Comparative Civil Servants’ Systems
APA 6th Edition
Marčetić, G. (2015). Comparative Civil Servants’ Systems. Hrvatska i komparativna javna uprava, 15 (1), 0-0. Retrieved from https://hrcak.srce.hr/139227
MLA 8th Edition
Marčetić, Gordana. "Comparative Civil Servants’ Systems." Hrvatska i komparativna javna uprava, vol. 15, no. 1, 2015, pp. 0-0. https://hrcak.srce.hr/139227. Accessed 28 May 2022.
Chicago 17th Edition
Marčetić, Gordana. "Comparative Civil Servants’ Systems." Hrvatska i komparativna javna uprava 15, no. 1 (2015): 0-0. https://hrcak.srce.hr/139227
Marčetić, G. (2015). 'Comparative Civil Servants’ Systems', Hrvatska i komparativna javna uprava, 15(1), pp. 0-0. Available at: https://hrcak.srce.hr/139227 (Accessed 28 May 2022)
Marčetić G. Comparative Civil Servants’ Systems. Hrvatska i komparativna javna uprava [Internet]. 2015 [cited 2022 May 28];15(1). Available from: https://hrcak.srce.hr/139227
G. Marčetić, "Comparative Civil Servants’ Systems", Hrvatska i komparativna javna uprava, vol.15, no. 1, pp. 0-0, 2015. [Online]. Available: https://hrcak.srce.hr/139227. [Accessed: 28 May 2022]
In recent decades, civil service systems have gone through numerous reforms. The article compares the content and course of these reforms, particularly in terms of employment, leading staff, and systems of remuneration. The analysis has used the general classification of the Anglo-Saxon, Western European, and post-socialist European countries, which shows certain limitations, but should be understood as a framework tool of comparison. Despite numerous specificities of each country, there are many similarities in priorities, problems, and trends of reforms carried out by the three groups of countries, particularly in terms of structural and institutional issues. Some significant similarities between countries belonging to different groups are observable. For example, unlike the Anglo-Saxon countries, twenty-five EU member states (out of twenty-eight) have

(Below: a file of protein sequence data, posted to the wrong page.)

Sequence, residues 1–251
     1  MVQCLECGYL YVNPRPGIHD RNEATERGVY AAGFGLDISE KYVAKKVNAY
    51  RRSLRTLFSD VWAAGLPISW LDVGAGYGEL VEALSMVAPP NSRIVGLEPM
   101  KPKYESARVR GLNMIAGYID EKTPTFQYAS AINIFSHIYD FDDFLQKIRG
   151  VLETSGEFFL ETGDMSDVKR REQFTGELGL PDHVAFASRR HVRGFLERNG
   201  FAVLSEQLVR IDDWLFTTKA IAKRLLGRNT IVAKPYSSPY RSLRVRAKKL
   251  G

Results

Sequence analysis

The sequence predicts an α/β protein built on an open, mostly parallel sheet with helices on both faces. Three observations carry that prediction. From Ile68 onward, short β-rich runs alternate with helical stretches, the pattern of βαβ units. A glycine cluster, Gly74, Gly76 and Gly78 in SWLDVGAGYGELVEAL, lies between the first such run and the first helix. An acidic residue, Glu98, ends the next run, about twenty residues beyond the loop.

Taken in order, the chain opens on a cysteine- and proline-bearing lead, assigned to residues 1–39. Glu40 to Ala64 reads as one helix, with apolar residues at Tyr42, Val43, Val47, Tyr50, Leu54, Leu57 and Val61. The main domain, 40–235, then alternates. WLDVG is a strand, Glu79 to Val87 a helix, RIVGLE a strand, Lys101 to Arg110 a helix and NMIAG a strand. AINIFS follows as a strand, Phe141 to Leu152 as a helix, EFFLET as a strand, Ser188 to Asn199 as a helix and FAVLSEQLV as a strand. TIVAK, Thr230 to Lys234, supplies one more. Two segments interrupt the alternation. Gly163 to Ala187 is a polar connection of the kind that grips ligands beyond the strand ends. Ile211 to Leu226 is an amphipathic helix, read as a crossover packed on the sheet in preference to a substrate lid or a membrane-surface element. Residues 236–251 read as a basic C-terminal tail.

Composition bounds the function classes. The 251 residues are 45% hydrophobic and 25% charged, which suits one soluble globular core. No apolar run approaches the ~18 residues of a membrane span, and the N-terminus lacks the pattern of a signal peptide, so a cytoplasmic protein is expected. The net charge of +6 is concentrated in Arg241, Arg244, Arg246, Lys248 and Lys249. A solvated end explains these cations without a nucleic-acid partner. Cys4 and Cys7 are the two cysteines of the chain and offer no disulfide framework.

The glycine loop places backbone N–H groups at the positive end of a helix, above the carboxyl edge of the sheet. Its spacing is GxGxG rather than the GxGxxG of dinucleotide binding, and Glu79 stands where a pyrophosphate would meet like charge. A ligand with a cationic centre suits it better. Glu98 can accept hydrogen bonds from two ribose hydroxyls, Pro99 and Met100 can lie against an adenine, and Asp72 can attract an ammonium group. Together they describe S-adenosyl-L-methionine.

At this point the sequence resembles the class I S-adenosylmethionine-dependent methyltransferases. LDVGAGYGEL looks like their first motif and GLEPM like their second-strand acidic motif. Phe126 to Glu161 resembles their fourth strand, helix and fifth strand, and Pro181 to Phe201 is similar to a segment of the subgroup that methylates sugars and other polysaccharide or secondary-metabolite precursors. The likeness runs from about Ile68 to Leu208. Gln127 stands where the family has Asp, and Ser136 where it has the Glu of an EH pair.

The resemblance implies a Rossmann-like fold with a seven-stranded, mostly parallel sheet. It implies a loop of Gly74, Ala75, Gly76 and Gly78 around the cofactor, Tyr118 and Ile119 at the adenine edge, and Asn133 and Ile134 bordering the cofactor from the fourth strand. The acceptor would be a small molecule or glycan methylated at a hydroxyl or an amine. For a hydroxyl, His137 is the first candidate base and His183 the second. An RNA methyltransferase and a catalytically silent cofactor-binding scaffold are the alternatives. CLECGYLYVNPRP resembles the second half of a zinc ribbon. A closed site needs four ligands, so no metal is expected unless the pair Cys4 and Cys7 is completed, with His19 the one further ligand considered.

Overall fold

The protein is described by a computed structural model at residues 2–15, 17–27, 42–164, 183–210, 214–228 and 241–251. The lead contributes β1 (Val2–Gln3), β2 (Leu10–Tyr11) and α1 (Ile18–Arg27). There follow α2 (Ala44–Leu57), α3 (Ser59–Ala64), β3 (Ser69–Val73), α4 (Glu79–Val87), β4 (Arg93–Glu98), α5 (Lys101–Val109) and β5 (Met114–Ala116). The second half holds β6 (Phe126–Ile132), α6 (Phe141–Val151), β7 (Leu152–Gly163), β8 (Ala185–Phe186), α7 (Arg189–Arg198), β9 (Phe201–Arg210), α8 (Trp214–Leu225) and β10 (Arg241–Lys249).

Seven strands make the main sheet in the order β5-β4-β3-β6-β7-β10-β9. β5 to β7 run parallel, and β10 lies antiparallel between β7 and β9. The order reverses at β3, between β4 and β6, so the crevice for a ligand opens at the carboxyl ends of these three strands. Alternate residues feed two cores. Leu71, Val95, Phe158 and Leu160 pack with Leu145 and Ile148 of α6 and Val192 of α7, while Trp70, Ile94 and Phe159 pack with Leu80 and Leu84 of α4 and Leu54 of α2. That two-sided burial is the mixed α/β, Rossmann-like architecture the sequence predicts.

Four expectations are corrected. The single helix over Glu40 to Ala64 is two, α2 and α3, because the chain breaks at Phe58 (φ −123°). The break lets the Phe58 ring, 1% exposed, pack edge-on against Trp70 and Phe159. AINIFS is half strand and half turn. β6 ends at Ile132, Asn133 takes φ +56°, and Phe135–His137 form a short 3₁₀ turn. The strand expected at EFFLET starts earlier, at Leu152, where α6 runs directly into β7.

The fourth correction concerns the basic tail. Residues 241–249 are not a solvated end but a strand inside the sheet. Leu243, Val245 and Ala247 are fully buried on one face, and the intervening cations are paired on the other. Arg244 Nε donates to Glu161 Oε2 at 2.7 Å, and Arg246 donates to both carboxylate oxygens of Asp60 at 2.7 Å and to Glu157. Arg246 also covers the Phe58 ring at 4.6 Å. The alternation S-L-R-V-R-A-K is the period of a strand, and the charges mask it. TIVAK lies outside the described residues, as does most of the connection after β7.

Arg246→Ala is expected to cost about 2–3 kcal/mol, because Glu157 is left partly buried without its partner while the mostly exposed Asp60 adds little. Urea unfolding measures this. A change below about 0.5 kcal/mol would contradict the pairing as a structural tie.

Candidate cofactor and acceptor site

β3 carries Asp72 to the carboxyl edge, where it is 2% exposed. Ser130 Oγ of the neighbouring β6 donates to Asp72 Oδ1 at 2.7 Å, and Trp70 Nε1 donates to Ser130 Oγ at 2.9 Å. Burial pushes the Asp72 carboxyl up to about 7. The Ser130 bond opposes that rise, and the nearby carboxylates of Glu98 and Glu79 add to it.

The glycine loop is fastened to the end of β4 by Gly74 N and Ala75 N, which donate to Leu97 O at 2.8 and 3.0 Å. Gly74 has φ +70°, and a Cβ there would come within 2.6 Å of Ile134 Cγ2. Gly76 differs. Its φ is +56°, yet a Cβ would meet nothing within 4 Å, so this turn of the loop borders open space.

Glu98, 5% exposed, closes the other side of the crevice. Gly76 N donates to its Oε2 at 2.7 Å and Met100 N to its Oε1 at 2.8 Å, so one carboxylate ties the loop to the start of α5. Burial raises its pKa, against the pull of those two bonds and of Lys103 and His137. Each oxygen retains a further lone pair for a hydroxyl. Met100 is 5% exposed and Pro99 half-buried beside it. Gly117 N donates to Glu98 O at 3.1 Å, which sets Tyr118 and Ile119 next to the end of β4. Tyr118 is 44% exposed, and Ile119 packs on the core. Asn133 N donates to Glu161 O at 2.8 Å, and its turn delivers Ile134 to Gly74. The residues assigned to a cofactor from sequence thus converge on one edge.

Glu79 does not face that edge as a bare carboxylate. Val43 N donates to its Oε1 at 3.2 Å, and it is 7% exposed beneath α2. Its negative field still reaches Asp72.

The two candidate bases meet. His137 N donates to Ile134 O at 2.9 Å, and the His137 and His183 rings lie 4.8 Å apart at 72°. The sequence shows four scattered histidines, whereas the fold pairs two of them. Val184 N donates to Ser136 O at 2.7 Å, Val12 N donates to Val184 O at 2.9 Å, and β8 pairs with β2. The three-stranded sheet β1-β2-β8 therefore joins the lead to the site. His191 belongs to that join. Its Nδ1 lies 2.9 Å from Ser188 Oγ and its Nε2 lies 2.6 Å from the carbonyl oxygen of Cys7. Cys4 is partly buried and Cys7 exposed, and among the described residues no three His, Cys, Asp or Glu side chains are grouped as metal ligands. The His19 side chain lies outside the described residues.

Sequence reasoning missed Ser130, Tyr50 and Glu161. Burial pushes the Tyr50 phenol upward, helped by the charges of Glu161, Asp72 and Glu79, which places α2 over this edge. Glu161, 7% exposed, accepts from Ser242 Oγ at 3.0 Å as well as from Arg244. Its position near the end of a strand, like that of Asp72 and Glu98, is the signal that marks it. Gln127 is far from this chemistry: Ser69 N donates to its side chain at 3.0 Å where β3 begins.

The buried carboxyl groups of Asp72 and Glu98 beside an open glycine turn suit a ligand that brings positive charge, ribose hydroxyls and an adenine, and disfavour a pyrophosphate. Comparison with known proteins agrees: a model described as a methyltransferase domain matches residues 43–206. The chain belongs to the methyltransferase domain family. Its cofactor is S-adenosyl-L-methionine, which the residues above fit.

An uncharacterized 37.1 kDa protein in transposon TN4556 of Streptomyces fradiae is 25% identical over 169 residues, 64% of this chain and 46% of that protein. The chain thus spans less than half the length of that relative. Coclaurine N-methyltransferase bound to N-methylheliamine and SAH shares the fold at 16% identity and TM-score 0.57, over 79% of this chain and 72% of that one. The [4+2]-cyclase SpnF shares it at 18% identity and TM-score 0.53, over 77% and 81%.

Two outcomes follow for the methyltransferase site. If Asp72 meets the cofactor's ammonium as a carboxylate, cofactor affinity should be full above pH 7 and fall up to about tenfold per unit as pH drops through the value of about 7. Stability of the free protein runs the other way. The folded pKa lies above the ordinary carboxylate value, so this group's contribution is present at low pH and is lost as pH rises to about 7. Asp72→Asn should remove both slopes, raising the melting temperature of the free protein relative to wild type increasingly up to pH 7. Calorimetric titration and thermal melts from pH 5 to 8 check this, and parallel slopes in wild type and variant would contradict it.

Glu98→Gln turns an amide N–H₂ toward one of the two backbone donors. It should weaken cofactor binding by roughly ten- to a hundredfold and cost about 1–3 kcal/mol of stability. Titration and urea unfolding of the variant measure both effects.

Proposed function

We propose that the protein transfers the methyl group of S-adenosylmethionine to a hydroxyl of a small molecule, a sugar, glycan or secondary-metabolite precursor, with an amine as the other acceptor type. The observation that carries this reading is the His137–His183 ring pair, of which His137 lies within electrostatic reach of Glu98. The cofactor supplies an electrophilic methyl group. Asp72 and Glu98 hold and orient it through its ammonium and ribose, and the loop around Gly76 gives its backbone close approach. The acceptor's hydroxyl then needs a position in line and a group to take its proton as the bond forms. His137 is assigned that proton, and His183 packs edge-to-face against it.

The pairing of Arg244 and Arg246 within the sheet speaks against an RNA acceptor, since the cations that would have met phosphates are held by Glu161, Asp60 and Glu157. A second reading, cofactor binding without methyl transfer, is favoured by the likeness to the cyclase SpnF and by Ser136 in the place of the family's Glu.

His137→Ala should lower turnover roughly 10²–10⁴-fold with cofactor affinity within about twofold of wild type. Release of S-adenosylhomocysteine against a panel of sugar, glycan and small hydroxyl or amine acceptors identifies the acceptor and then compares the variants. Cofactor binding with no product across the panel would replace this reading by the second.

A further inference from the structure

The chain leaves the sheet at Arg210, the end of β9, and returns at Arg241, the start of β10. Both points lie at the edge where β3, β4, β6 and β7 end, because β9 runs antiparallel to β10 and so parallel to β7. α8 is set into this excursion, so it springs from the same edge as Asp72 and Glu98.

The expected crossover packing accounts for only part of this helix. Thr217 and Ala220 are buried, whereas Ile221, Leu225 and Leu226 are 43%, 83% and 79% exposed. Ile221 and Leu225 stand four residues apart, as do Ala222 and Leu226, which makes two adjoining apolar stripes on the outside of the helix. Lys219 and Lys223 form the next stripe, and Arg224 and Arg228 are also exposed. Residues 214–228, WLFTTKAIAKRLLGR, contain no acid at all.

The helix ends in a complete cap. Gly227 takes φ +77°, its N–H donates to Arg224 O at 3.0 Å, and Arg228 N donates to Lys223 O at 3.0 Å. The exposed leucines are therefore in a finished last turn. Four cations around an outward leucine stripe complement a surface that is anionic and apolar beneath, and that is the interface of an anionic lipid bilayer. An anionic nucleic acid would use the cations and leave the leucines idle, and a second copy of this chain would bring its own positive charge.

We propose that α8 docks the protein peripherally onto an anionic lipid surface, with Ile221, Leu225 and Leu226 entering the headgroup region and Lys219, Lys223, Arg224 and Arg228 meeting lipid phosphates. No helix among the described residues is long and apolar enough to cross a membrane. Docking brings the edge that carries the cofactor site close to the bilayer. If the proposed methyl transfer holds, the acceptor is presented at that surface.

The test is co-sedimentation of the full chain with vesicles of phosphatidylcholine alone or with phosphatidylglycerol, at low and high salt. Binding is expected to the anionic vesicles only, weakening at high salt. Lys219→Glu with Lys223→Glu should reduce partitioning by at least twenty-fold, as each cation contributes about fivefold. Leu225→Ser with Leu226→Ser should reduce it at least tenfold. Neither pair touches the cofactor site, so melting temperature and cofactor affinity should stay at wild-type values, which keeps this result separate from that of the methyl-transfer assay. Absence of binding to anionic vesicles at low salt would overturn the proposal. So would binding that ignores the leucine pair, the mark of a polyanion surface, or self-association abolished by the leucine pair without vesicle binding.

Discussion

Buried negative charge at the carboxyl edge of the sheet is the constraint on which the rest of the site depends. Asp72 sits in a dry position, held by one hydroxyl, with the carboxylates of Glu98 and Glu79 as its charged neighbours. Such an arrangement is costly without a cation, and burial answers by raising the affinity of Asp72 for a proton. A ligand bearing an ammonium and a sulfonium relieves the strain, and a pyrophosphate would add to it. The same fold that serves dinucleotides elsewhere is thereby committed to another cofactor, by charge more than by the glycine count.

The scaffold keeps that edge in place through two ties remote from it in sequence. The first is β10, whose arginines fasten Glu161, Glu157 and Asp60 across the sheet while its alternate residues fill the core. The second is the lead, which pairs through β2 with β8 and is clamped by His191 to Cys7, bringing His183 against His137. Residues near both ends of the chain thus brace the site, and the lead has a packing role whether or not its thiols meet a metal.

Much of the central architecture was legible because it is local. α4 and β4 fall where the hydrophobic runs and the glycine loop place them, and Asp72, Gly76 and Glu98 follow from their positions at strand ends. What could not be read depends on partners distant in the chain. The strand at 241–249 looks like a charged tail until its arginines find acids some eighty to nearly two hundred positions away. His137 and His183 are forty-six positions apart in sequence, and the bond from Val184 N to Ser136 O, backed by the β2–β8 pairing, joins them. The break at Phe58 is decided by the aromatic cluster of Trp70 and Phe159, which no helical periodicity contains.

a special public-legal regulation of the employment status of civil servants (Western European and post-socialist European countries). Furthermore, the EU, which has about 35.000 employees, is faced with numerous difficulties in trying to introduce a modern system of recruitment and remuneration, which will be based on merit principles. Overall, despite the numerous and various attempts
in many countries, reforms did not substantially change human potential management system. The key reform challenge is the conflicting requirements for the protection of the professional, non-political, rule-based, and ethical civil service, on the one hand, and political demands for the introduction of a greater degree of flexibility, openness, and cost-effectiveness in a personnel system, on the other.
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